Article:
|Pioneer Life in the Homes and Woods of the Queen Charlotte Islands|
|The museum has insights inside!
|That today's necessity was only yesterday a mere convenience is brought
sharply into focus when you browse through the assortment of tools and toys of pioneer life displayed in the Port Clements
Unless you're looking for a prehistoric laser or television it is pretty obvious that pioneering life offered most of the comforts of modern life and a slightly less convenient form.
|On washing day, the wooden washing machine seen here could do the job perfectly well. All
that you would lack is the ability to toss in the duds, start it and forget it. In early days there was no service
specialist to call if the machine didn't work; on the other hand it's got a big handle on the side to pump to make the
innards go around. So you won't be stuck, just slower.
Our wooden washer is right up to the minute, built in 1912, and the museum has a display of plungers and scrub boards and wringers that were around before the washing machine and still work today. Of course, you'll have to squish 'em and scrub 'em and wring 'em instead of sitting down to watch Oprah. But if there's no Oprah, you might as well get some good aerobic exercise, right? (You're welcome.)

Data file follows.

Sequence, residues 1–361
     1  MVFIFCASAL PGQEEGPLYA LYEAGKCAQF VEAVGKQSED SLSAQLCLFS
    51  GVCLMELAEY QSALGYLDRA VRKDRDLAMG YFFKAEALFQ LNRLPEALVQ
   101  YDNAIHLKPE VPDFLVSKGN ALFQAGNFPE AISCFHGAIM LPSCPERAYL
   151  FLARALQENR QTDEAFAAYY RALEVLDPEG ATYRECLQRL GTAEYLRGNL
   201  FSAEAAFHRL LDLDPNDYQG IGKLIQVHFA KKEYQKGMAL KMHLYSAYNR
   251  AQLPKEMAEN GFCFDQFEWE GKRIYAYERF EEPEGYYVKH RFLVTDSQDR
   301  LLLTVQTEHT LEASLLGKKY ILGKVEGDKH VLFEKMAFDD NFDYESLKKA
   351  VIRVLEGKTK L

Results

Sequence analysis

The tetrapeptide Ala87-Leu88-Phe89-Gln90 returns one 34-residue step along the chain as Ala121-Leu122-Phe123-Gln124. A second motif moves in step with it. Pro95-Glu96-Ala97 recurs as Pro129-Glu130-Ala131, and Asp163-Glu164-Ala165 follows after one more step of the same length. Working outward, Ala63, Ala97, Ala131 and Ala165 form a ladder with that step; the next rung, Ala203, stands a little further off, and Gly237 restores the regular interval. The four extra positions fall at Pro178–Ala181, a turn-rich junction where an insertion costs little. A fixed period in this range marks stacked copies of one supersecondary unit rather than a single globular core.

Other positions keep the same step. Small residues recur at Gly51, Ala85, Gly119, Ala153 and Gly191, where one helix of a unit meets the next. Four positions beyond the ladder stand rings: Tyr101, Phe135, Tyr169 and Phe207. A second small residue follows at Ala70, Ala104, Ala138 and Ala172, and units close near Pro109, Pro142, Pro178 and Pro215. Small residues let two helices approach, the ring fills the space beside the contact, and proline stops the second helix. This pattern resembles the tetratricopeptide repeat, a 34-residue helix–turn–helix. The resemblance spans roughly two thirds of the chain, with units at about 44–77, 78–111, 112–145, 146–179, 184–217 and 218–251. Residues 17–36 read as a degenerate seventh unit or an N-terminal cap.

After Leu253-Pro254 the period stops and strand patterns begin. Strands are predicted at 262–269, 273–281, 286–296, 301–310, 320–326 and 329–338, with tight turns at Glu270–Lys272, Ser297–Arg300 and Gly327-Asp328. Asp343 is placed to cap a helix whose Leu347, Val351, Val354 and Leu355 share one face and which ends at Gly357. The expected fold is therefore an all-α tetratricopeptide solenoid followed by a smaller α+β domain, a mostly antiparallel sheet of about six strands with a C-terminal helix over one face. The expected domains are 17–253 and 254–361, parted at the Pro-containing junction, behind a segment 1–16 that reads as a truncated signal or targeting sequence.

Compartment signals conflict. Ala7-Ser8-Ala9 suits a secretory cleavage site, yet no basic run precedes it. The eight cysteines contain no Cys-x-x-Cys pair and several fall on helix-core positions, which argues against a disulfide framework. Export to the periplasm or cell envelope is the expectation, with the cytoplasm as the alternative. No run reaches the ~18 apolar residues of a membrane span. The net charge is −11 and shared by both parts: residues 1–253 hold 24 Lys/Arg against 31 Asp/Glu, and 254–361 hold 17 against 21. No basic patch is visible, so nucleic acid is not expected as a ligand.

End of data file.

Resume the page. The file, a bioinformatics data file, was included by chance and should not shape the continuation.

Wash day explains pioneer life in a nutshell. All the 'modern' comforts are there in a less convenient form. Want french fries? Try our french-fry potato cutter. Gotta iron the clothes? Check out this kerosene-fired patent iron. Or the solid metal one that sits on top of the woodstove.
|When it gets dark, the pressure gas lamps make as much light as an electric
bulb. Bit chilly? Take this axe, firewood warms you twice: Once when you cut it and once when you burn it.
The really well-equipped home had one of our gasoline or diesel single-cylinder light plants. Super heavy and not modern looking but not clumsy, just strong. They'll go 25 years between overhauls. Truly!
Some of the stuff in the museum is broken and repaired because that's the way things were. You could get a huge range of tools and equipment but it might take months to arrive. We have some old catalogues that are humdingers, big as Manhattan phone books, and full of things designed to last for decades. You break it you fix it or you do without.
The home entertainment centre is a windup Victrola with shellac 78s. Maybe it's not Hi-Fi, but at least it doesn't play rap.
Sewing machines were probably treadle operated and they worked fine with practice. Word processors couldn't correct errors, so you needed to learn to type carefully. The non-electric cash registers from the store actually made the famous Ka-ching! sound when you opened them -- isn't history grand!
Need a griddle. Got one. Bucksaw? Take your choice. As you walk around the displays, you get a little flash of insight from recognizing what some of those pioneer items did. Enough little flashes add up to a picture of life in Port Clements 50 or 100 years ago.
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